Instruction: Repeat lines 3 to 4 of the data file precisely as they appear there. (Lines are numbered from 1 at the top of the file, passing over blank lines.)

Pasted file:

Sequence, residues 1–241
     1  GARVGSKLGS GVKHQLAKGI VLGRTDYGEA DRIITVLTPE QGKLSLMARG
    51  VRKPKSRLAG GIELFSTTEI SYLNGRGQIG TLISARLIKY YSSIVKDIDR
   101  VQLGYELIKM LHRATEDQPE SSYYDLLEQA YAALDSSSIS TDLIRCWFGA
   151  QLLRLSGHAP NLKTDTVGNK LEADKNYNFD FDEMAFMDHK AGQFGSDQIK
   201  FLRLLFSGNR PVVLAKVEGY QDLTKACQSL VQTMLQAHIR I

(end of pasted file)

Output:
    51  VRKPKSRLAG GIELFSTTEI SYLNGRGQIG TLISARLIKY YSSIVKDIDR
   101  VQLGYELIKM LHRATEDQPE SSYYDLLEQA YAALDSSSIS TDLIRCWFGA